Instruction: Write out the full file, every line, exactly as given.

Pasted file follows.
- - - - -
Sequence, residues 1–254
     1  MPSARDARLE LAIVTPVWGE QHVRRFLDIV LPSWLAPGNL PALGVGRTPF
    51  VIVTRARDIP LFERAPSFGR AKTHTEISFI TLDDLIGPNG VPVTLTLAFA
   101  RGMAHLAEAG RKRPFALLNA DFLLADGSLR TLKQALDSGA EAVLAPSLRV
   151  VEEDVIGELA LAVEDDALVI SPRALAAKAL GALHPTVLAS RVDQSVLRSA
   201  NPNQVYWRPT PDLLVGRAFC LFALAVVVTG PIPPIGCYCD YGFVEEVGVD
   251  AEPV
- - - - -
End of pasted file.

Sequence, residues 1–254
     1  MPSARDARLE LAIVTPVWGE QHVRRFLDIV LPSWLAPGNL PALGVGRTPF
    51  VIVTRARDIP LFERAPSFGR AKTHTEISFI TLDDLIGPNG VPVTLTLAFA
   101  RGMAHLAEAG RKRPFALLNA DFLLADGSLR TLKQALDSGA EAVLAPSLRV
   151  VEEDVIGELA LAVEDDALVI SPRALAAKAL GALHPTVLAS RVDQSVLRSA
   201  NPNQVYWRPT PDLLVGRAFC LFALAVVVTG PIPPIGCYCD YGFVEEVGVD
   251  AEPV